The chance of stormier months to come for the northern U.S. may bring some volatility to the natural gas market in the next few weeks, said Cameron Horwitz, an analyst at Canaccord Genuity Inc. in Houston.
In 1995, following one of the most active Atlantic hurricane seasons on record, a La Nina combined with other weather patterns to bring about one of the snowiest winters for New York and New England, according to National Oceanic and Atmospheric Administration records. Heating oil prices rose 14 percent and natural gas jumped 52 percent that year.
The coming winter “may get off to a really fast start, and by that I mean there may be a monster of a storm relatively early this year, if not in late November then in December,” said Joe Bastardi, chief meteorologist at AccuWeather Inc. in State College, Pennsylvania. “I mean a blockbuster near the Eastern Seaboard.”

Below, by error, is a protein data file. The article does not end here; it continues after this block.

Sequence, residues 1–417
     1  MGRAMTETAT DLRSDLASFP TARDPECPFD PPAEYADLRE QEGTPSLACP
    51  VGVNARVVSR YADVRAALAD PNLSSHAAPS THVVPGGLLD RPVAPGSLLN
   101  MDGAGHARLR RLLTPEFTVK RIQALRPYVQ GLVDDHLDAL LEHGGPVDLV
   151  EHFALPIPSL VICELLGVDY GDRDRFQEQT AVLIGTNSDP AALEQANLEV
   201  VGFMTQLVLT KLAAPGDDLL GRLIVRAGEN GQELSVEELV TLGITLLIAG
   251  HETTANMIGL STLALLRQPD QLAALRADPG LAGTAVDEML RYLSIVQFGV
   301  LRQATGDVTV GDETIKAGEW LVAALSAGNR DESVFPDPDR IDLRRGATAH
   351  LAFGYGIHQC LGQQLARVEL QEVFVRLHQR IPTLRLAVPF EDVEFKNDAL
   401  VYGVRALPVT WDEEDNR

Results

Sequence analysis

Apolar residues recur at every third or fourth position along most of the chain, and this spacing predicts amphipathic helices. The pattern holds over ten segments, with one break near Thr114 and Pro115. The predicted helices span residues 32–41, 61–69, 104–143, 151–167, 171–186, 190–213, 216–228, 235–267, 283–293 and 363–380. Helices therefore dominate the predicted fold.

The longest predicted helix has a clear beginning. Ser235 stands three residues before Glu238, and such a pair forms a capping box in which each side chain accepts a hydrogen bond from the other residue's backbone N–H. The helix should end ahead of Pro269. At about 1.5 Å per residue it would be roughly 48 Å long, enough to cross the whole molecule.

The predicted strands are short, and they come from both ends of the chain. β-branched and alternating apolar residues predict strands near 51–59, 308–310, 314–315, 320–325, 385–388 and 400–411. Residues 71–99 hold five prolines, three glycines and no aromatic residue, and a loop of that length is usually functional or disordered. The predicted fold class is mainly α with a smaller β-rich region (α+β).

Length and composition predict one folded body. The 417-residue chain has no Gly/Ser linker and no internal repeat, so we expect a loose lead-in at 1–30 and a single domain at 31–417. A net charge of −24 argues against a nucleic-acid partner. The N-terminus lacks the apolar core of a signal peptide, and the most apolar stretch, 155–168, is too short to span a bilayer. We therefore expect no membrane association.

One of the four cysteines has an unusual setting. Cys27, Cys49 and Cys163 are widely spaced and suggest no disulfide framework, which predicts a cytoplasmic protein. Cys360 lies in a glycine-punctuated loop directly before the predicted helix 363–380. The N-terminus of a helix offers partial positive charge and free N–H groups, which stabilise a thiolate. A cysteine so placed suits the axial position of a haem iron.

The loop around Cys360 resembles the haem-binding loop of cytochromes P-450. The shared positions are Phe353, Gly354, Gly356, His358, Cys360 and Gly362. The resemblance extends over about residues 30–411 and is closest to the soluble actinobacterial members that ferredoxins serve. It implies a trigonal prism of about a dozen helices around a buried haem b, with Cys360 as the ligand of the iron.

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Source Link: bloomberg.com
Blizzards, droughts, floods and a surge in hurricanes may be in store as a cooling trend in the Pacific known as La Nina alters weather around the world and threatens to boost prices for heating fuels and crops.